Review: Reputation

Aldrich University is for the best of the best, right up there with the Ivy League schools. But when a schoolwide hack exposes the emails of students and faculty alike, scandals are rocking the university to its core and everyone’s reputation is at stake. Things take a turn when Kit Manning’s husband, Dr. Greg Strasser, is found murdered in their home. This prompts the return of Kit’s sister, Willa, who happens to be an investigative reporter.

Unconvinced that Dr. Strasser’s murder was a random crime, Willa begins to look into it herself, police investigation be damned. In doing so, she finds that Dr. Strasser had suspicious links to other faculty members and students, she realizes that they all have something to hide. Something that could ruin their reputations if their secrets are leaked. Could it be possible that one of them is the murderer?

I actually enjoyed this book more than I thought I would. Obviously, I picked it up because it sounded interesting, but still, I had some reservations about it. The story follows five characters – Kit, Lynn, Raina, Laura, and Willa – right as the university hack happens, as well as before and after Dr. Strasser’s murder. We learn right away that pretty much each of these characters has something to hide, and most are in relation to the doctor. Some are hiding from their past, while others are hiding information that could ruin them, and therefore are only looking out for themselves in this story, which makes them suspicious.

For the most part, all the characters are unreliable, but some for good reason. Each character does have something to hide though, and some character’s secrets are worse than others. The best part of reading this book was that when I thought I had figured out what was going on with each character, it wasn’t anything like I expected. A little disappointing for my own sleuthing skills, but a fun surprise at the same time, so I couldn’t be too mad. It reminded me of my favorite mysteries and shows that throw the same kinds of twists in there.


The twists. Again, I enjoyed trying to figure out who the murderer was and I was definitely shocked when I kept guessing and turned out to be wrong. I would not make a good detective, that’s for sure. However, that proves that there was great development of what was going on “behind the scenes” of the story, so to speak.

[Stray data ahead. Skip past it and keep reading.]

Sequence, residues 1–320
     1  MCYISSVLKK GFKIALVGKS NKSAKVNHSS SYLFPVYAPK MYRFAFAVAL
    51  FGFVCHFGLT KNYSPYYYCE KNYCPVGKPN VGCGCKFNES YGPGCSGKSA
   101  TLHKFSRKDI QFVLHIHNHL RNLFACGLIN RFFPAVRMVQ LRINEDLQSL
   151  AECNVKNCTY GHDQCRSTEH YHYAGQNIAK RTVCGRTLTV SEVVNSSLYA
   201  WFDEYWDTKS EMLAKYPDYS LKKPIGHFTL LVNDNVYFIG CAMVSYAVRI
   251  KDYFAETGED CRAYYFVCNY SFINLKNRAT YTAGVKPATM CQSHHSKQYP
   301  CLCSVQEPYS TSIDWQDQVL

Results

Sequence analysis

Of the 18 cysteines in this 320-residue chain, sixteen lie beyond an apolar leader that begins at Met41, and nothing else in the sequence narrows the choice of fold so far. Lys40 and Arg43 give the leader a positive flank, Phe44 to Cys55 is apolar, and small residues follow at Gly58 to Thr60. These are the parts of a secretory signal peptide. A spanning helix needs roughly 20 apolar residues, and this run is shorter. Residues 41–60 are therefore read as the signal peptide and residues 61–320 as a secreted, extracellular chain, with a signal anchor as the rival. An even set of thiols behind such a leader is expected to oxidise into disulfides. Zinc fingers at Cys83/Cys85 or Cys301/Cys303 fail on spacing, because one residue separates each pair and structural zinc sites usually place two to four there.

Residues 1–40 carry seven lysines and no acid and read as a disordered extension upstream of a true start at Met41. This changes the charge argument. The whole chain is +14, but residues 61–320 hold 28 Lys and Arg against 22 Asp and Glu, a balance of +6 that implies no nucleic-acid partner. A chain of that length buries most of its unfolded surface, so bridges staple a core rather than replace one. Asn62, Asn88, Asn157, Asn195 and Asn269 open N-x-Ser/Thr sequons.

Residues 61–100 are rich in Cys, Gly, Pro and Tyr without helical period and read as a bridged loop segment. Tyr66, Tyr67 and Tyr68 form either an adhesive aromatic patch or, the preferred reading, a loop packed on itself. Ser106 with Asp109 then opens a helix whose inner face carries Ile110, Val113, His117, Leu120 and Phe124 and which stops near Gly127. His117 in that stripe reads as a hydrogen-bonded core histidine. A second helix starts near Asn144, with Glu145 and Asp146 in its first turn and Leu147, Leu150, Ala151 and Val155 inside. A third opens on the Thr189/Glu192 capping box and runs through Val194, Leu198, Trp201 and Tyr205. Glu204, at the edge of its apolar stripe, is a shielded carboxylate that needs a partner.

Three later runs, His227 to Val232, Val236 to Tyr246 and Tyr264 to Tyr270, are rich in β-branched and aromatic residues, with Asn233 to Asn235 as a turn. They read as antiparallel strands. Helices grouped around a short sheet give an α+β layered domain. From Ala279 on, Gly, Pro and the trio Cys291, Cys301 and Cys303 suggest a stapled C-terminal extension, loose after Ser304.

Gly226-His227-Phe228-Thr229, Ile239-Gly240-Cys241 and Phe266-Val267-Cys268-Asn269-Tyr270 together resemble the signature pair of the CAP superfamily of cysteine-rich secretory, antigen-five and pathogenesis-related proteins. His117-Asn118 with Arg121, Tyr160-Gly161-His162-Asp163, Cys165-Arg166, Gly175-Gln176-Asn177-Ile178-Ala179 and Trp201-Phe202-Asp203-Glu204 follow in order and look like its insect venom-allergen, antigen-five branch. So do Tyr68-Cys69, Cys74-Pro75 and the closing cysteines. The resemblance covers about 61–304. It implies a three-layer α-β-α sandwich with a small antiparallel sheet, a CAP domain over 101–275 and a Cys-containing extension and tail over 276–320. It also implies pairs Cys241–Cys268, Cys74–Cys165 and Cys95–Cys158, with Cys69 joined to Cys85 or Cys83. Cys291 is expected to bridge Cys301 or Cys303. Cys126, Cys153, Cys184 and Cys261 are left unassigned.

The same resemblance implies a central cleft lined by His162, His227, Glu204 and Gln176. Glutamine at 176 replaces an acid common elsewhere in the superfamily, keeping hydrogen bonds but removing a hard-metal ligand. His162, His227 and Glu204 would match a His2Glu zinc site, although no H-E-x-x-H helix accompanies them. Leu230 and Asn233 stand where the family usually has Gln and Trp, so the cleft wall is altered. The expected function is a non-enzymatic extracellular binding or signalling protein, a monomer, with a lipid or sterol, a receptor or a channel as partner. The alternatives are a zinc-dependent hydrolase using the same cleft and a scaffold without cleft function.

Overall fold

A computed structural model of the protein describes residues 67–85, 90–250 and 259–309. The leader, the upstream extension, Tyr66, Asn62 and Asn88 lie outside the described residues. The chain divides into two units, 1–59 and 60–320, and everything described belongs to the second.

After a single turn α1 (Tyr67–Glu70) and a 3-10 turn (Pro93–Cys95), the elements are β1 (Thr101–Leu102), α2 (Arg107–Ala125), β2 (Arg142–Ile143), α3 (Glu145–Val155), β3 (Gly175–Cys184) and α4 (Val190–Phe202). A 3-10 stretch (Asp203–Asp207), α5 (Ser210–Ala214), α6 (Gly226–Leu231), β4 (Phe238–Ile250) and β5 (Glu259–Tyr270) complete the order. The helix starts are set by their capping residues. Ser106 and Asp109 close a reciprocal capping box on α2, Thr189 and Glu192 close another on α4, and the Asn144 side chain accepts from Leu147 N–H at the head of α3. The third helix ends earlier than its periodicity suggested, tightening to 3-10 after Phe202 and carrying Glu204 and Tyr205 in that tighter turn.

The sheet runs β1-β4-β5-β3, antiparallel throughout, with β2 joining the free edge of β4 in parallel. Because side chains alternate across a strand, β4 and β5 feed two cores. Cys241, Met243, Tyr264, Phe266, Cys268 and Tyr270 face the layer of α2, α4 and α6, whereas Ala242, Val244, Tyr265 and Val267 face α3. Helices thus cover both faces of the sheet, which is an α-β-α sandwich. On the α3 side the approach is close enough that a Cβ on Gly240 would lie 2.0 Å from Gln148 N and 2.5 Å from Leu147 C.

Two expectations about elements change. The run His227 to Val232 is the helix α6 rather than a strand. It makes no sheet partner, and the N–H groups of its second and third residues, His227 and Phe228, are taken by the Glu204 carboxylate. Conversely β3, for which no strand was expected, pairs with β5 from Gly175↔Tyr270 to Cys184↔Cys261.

The character Willa Manning. The only character who wasn’t in Pittsburgh when Dr. Strasser was murdered, and who takes it upon herself to figure out what’s what in this story. While she’s uncomfortable being home because of an incident in her past, she pushes through because she wants to find out who murdered her brother-in-law, and who exactly he was emailing behind his wife’s back. Although she initially didn’t want to stay in Pittsburgh, she decides to be there for her sister and fills in for where Kit can’t because she’s still reeling from the email scandal and her husband death.

I loved to hate Lynn Godfrey. She was pretty much just there to be a manipulative thorn in Kit’s side, but I thought she served her purpose. While I hate that she didn’t have any development, that kind of shows how there are some people out there that will never change and are simply only looking out for themselves. So while she didn’t have the complexity of some of the other characters, she was a different type of realistic character that we don’t see too often (or at least I don’t).


The book was a little hard to get into at first because of having five different perspectives. Not that I didn’t like it, but with so many characters having their own secrets, I got confused in the beginning and mixed up two or three of the characters. It does get easier though as the book goes on and works out for a good story.

The pacing at the beginning seemed a little slow. While it starts right off with the hack and the aftermath, it just seems like it takes a while to really get into the meat of the story. Just as well, the author wrote in an element for the story to have part of the #metoo movement, as the hack scandal brings some campus rape stories to light. However, I don’t feel like this was the story to include that in. She does tie it in near the end that makes some sense, but it also feels forced, which is why I personally don’t think it fit.


Overall, I thought this book was pretty good with the twists and complexity of some of the characters. It definitely takes you for a ride of twists and turns as you read, which is all you can really ask for in a book like this. Unlike some other mystery novels, it’s not as predictable as you’d think and I loved that aspect of the book. Honestly, if you’re a fan of shows like Pretty Little Liars and Riverdale, then you’ll most likely enjoy this book as well.

Rating: 4 stars

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